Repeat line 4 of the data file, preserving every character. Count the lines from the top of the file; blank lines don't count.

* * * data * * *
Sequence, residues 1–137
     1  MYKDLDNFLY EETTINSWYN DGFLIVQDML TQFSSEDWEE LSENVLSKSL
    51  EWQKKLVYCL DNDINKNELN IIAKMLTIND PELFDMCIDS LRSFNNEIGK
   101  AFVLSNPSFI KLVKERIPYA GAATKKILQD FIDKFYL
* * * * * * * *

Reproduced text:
   101  AFVLSNPSFI KLVKERIPYA GAATKKILQD FIDKFYL